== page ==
Record breaker? Mother of all cows gives birth to 16 calves
Is the world's most fertile cow out to pasture in a field in the Republic of Ireland?
The Friesian heifer in County Limerick has given birth to 16 calves, potentially placing her in line for Guinness World Records.
Her family consists of two sets of quins, a set of quads and one set of twins, all produced within the space of four years.
The bovine breeder has now been genetically tested to find out if she has record-breaking fertility.
The Guinness Book of Records says that the most live births for a cow in a single delivery is five calves, or quins.
These calves were born on 18 March 2005 at the Santa Clara Ranch in Reynosa Tamaulipas in Mexico.
But the owner of the Limerick cow, Ger Kirby, from Ballyneety, says his seven-year-old is unique because she has given birth to five calves twice.
She had four calves in 2009 followed by five calves in 2010, then in 2011, she gave birth to twins before producing another set of quins last month. A sixth calf died.
Ger told the BBC the latest set of calves were now all doing fine.
"Normally, a cow has seven to ten cows over her lifetime but she has given us 16," he said.
"The heifer and her calves were DNA tested on Friday to see if we can find out what's behind it all.
"We have been told she's the only cow in the world to have given birth to five calves twice."
The heifer is the only animal in his 100-strong dairy herd to have given birth to more than one calf at a time.
"She is a very special cow and she has done it all naturally," said Ger.
Dr Dan Ryan of CowsDNA.com, which specialises in the reproductive management of cattle, said it was "absolutely fascinating".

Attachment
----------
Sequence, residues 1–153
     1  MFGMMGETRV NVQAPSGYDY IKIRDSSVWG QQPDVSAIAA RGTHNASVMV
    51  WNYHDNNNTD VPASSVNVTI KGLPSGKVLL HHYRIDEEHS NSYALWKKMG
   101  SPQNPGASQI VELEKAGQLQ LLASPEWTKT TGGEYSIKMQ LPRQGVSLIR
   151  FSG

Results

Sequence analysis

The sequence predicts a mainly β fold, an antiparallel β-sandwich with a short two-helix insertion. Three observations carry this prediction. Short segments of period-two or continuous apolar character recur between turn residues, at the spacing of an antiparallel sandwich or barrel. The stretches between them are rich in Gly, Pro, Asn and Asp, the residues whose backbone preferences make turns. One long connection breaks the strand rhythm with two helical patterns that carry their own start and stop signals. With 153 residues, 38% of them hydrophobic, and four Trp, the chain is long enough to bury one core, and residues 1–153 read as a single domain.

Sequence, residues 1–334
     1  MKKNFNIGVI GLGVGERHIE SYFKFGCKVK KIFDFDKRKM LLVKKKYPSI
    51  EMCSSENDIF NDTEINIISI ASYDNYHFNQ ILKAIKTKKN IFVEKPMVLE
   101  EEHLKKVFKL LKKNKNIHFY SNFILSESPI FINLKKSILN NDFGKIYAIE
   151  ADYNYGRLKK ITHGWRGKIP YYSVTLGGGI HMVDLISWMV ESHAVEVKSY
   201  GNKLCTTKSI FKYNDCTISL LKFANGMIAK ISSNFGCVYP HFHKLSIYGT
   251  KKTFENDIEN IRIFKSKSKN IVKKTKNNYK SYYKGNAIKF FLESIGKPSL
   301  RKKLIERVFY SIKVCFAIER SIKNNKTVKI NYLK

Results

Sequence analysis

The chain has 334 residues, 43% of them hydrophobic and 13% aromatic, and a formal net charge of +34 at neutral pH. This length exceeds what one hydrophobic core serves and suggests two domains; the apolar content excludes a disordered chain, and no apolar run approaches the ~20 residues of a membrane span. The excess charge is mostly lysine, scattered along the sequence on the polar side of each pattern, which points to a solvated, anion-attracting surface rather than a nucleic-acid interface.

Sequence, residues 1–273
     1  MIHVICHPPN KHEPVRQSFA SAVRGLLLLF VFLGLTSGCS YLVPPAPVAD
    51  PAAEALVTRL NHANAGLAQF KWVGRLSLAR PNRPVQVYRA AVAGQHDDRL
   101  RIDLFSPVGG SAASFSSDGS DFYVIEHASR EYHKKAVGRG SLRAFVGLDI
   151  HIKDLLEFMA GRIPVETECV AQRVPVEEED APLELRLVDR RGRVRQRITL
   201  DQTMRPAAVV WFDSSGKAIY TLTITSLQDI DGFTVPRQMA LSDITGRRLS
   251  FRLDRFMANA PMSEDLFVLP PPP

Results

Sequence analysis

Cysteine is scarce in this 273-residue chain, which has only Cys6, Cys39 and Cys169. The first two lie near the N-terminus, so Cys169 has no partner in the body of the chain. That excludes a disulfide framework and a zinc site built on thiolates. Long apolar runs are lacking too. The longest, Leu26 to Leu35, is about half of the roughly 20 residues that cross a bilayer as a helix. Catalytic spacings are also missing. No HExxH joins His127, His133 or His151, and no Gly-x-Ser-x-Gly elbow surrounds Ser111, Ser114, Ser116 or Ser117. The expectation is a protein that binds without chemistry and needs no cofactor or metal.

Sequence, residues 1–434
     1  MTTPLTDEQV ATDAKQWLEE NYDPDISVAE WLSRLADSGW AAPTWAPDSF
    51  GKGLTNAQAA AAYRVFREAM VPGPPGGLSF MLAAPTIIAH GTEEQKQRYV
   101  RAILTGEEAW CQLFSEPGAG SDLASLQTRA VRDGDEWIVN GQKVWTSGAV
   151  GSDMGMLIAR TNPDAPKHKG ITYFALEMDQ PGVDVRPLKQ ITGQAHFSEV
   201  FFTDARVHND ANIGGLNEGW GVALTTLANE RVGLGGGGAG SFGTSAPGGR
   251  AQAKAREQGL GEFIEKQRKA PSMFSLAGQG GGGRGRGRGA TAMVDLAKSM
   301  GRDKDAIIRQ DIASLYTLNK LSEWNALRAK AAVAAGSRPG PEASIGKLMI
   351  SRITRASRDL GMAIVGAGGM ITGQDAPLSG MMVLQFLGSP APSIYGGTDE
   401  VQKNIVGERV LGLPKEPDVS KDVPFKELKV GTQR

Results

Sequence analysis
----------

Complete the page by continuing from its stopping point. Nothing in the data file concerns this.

"There is one recorded event of a cow having five calves from a natural birth in the 1950s, and one cow that had six calves," he said.
"Guinness World Records reports the most calves in a single birth as five calves, in Mexico in 2005 but there is no previous reported case, in my opinion, of a cow having multiple births on such a scale on repeated occasions."
It is not known what has made the Limerick heifer such a prolific breeder, however, she may not have a successor to carry on the prestigious lineage.
"We've had a mix of heifers and bulls at each birth," said Ger.
"Heifers twinned with bull calves are infertile. So there's no animal to carry on the genes. "
The female - who has yet to be named - has proved very popular with Ger's children, Ronan, 10, nine-year-old Alan and Ruth, five, as well as being a bit of a local celebrity.
But, like any female, having a big family has taken its toll. Her breeding days are well and truly over.
"She's being left to enjoy a long retirement now," said Ger.
"She's going to have the life of Riley."